OpinionTue Jan 22, 2019 - 11:35 am EST
Fr. James Martin is a hypocrite to condemn Covington boys while preaching ‘bridge-building’
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January 22, 2019 (LifeSiteNews) – Over the weekend, pro-lifers and Catholics were stunned with news reports alleging that a group of teenage boys from Covington Catholic high school in Kentucky had mocked and disrespected an elderly Native American. A hue and cry instigated by left-wing media outlets led to demands for apologies for the insults that were said to have been committed.
Spurred on by liberal voice-boxes like pro-LGBT Jesuit Fr. James Martin and fearing a serious backlash against the pro-life movement, well-intentioned pro-lifers and Catholics were quick to denounce the boys for the alleged behavior. Even the Diocese of Covington quickly issued a condemnatory statement.
After the March was over and everyone headed home, Nathan Phillips, an activist and actor, went to the cameras twice and cried as he leveled false charges against the students.
In this first video, wherein Phillips is crying, he claims to have heard the students saying, “build that wall, build that wall.”
In an interview with NBC later that evening, conducted in front of the Shrine of the Immaculate Conception for effect, Phillips again starts to cry as he claims that he was afraid of the students.
In an interview with the Denver Post, Phillips claimed that the students started taunting members of his Indigenous People’s March saying:
“It was getting ugly, and I was thinking: ‘I’ve got to find myself an exit out of this situation and finish my song at the Lincoln Memorial. I started going that way, and that guy in the hat stood in my way and we were at an impasse. He just blocked my way and wouldn’t allow me to retreat.”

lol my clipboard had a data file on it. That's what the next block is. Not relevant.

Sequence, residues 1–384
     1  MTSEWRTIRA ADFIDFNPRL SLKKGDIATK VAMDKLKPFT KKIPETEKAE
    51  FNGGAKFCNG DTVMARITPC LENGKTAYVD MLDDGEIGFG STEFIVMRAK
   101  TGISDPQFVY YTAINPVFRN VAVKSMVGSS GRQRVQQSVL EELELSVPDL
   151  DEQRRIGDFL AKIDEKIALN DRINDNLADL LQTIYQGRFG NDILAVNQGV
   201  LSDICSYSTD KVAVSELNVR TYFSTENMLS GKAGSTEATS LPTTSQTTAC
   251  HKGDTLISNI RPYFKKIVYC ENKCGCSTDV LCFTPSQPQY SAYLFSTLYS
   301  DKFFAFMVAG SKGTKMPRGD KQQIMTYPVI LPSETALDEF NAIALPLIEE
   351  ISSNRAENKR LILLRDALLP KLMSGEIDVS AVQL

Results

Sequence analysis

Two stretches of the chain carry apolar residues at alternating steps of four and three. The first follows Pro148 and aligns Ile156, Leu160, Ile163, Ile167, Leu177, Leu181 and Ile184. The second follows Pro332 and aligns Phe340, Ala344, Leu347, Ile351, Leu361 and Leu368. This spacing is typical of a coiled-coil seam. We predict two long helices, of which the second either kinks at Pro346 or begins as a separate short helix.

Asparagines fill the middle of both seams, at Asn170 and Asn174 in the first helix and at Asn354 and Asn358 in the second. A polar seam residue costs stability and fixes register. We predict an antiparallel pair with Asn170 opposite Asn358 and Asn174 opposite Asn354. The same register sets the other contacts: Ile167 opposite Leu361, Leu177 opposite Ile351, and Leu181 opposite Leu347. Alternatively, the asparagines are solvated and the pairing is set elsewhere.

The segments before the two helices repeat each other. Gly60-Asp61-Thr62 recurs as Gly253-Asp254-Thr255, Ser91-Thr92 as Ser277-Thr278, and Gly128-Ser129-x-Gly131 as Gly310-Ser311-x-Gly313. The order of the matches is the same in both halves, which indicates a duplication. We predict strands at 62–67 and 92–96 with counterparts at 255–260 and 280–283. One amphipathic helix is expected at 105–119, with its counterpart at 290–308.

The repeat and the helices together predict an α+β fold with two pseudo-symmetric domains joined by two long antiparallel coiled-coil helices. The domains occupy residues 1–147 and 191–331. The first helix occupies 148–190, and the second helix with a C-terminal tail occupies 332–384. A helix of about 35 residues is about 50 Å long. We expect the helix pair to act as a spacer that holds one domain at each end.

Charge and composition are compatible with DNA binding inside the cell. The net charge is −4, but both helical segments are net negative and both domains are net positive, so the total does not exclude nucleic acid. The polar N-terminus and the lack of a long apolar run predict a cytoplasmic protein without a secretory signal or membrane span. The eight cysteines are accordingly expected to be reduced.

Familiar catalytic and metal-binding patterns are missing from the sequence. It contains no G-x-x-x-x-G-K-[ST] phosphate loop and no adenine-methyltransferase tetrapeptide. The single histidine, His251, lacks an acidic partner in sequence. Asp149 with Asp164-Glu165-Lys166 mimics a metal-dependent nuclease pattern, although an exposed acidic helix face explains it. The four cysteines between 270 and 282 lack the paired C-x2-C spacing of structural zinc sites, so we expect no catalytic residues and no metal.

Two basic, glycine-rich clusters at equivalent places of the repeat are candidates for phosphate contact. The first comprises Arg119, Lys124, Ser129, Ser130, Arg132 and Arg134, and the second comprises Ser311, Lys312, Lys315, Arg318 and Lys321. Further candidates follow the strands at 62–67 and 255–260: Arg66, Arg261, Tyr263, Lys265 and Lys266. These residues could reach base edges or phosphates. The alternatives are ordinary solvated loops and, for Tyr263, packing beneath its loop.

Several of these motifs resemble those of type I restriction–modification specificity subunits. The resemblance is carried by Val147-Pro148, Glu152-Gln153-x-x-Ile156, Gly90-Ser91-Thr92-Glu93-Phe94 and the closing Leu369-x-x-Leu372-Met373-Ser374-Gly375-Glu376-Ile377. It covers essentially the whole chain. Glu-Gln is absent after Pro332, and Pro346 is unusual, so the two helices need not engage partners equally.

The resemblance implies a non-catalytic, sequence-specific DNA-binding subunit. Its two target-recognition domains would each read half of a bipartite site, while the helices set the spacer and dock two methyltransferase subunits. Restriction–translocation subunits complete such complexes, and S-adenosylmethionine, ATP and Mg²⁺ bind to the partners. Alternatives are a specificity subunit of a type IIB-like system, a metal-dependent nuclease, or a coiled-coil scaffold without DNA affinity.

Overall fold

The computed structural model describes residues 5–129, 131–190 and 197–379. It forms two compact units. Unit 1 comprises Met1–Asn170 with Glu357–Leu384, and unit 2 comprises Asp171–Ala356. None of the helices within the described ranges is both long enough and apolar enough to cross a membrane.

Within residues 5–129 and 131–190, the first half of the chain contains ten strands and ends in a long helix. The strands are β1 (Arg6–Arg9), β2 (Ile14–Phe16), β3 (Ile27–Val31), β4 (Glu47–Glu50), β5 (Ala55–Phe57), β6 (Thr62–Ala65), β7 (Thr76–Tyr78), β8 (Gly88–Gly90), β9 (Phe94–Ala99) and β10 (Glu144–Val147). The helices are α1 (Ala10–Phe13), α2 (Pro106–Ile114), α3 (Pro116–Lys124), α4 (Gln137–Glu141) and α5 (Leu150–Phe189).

The problem is that every single allegation was a lie … and without blinking, the leftists like Fr. James Martin and Fr. Daniel Horan jumped on it in order to smear the March for Life.
On Saturday morning, James Martin said on Twitter, “Catholic school students at the #MarchforLife attempt to shame and disrespect a man at the #IndigenousPeoplesMarch. These actions are not Catholic, not Christian and not acceptable. Would that these students fully understood the dignity of all human life--including this man's.”
Ten minutes later, Fr. Martin tweeted again saying, “I am as disgusted by the contemptuous laughter of the mass of students as I am moved by the quiet dignity of the solitary man who continues to chant. Those students could learn much from this elder, if they had chosen to. Or if they choose to.”
One of Fr. Martin’s allies, Fr. Daniel Horan, published a similar tweet at around the same time:
I'm so deeply appalled and disgusted by the racist, shameful, disrespectful behavior of the Catholic high school students wearing MAGA hats and harassing a Native American elder and Vietnam Vet. I'm so angry and yet not at all surprised at pervasive white supremacy exhibited. Just one of many reasons I find the so-called "march for life" often repulsive and futile: It's basically a gathering for many right-wing anti-abortion hardliners (not consistent ethic of life, i.e. true pro-lifers) and teens to get a free trip to goof off (at best) in DC.